PDA

View Full Version : Physical limits of human hand strength?



Pages : [1] 2 3 4

Za
9/20/2018 12:33pm,
I took martial arts years ago and was taught that the human hand can become strong enough to rip another humans flesh right off, rip joins out of socket and pull muscle apart from bone. That one, with strong enough hands, could block an incoming punch and use their finger tips, as they blocked, to also destroy the muscle and skin of the punching arm.

I was also taught that the human ear only takes three pounds of pressure to remove and that this can be done with bare hands.

And finally, that a man could make his palm strikes so strong that they could basically destroy things. A story was told about someone who purportedly killed a horse with a slap. The idea was that by hitting some bags full of beans for a very long time, then rocks, then metal balls, that one could make their palm strikes powerful to a superhuman level.

Are any of these things true?

EDIT:

I understand that the above claims are probably nonsense but wanted to get the truth from people who are experts at cutting through bs. Thanks in advance.

submessenger
9/20/2018 12:42pm,
MABS->YMAS.

Have fun, guys. Try not to hurt him.

Za
9/20/2018 12:44pm,
MABS->YMAS.

Have fun, guys. Try not to hurt him.

Lol. To be clear, I have always been very skeptical of these claims, hence why I am here. I expect that 99% of these claims is utter hogwash but wanted to get clarification.

Raycetpfl
9/20/2018 12:49pm,
I took martial arts years ago and was taught that the human hand can become strong enough to rip another humans flesh right off, rip joins out of socket and pull muscle apart from bone. That one, with strong enough hands, could block an incoming punch and use their finger tips, as they blocked, to also destroy the muscle and skin of the punching arm.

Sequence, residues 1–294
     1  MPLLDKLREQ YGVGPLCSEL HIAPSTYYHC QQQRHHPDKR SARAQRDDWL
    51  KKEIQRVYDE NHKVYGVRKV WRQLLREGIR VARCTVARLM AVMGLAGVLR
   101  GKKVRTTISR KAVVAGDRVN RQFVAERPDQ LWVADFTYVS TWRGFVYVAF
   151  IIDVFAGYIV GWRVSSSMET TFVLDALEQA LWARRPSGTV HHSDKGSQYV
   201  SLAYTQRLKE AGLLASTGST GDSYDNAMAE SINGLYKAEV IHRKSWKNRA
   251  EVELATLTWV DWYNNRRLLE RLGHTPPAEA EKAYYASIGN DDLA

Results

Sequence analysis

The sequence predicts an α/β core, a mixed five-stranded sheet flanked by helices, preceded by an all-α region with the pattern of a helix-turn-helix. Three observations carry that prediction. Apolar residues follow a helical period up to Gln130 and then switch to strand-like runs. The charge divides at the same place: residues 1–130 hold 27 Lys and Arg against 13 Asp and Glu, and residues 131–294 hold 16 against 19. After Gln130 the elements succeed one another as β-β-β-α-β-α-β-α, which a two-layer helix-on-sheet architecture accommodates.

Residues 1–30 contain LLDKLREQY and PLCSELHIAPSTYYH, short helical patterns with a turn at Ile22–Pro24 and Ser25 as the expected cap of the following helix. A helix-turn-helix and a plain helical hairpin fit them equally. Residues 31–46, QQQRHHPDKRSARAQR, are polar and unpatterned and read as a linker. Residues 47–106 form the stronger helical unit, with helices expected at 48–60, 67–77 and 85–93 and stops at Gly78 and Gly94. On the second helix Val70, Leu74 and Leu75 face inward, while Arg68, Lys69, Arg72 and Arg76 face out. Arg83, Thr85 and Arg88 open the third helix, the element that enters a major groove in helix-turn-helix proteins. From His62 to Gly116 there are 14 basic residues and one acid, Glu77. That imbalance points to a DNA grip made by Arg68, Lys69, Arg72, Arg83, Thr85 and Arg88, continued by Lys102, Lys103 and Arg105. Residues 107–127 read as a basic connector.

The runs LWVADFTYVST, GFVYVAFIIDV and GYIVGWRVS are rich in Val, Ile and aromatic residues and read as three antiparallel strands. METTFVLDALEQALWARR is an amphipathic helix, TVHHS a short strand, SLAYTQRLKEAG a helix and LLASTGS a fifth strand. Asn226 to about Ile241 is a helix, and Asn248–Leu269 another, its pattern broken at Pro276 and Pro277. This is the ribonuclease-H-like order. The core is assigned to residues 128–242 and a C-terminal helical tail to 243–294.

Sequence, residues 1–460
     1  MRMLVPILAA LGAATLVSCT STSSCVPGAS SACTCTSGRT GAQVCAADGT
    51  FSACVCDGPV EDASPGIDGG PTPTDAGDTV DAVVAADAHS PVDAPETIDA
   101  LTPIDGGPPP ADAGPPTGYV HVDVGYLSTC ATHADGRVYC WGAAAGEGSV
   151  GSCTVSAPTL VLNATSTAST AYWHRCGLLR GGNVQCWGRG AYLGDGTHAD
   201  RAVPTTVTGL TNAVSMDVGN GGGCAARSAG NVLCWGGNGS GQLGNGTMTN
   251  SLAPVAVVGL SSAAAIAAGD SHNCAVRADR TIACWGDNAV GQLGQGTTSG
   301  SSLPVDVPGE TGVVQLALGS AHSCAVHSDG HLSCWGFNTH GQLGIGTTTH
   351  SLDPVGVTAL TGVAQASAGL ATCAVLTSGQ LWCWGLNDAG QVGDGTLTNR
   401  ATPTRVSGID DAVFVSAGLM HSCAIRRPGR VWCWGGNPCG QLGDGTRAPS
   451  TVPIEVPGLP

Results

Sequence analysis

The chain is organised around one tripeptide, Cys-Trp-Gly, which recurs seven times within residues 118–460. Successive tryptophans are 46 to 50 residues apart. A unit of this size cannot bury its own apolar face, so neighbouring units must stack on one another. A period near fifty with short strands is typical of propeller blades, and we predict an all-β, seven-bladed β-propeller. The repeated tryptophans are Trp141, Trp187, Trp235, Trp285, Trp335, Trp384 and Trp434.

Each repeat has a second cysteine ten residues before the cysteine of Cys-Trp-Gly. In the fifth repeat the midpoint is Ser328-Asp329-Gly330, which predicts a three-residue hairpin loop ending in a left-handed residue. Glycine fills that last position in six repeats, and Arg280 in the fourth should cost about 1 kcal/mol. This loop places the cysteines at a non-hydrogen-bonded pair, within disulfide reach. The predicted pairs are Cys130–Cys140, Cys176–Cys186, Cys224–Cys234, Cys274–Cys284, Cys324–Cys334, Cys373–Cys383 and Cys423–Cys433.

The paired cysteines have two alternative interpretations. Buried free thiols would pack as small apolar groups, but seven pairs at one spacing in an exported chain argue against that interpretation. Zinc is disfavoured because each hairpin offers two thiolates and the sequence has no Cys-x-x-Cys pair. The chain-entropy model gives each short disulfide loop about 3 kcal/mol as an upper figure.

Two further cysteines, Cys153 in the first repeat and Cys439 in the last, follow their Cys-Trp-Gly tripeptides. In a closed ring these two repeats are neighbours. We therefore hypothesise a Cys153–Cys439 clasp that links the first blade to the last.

I was also taught that the human ear only takes three pounds of pressure to remove and that this can be done with bare hands.

And finally, that a man could make his palm strikes so strong that they could basically destroy things. A story was told about someone who purportedly killed a horse with a slap. The idea was that by hitting some bags full of beans for a very long time, then rocks, then metal balls, that one could make their palm strikes powerful to a superhuman level.

Are any of these things true?

EDIT:

I understand that the above claims are probably nonsense but wanted to get the truth from people who are experts at cutting through bs. Thanks in advance.
He probably had an accent and said,"whores". So.... ,yeah, a shot to the temple and a bad fall will do it. But you should probably call the cops. You cant just go around killing whores.

submessenger
9/20/2018 12:54pm,
We do get some charlatans, here, so apologies for the rough welcome.


Welcome to Bullshido!


Let me take a first stab at your queries:


I took martial arts years ago and was taught that the human hand can become strong enough to rip another humans flesh right off, rip joins out of socket and pull muscle apart from bone.
Sure, these things can and do happen by accident, believe it or not, during training. I've seen plenty of breaks, compound injuries (i.e. bone protrusions), sprains, bruises, etc in various competitions.


That one, with strong enough hands, could block an incoming punch and use their finger tips, as they blocked, to also destroy the muscle and skin of the punching arm.
This seems plausible, but perhaps a bit on the extreme side.


I was also taught that the human ear only takes three pounds of pressure to remove and that this can be done with bare hands.
I have no empirical evidence of this, but it sounds plausible. Three pounds maybe is an understatement.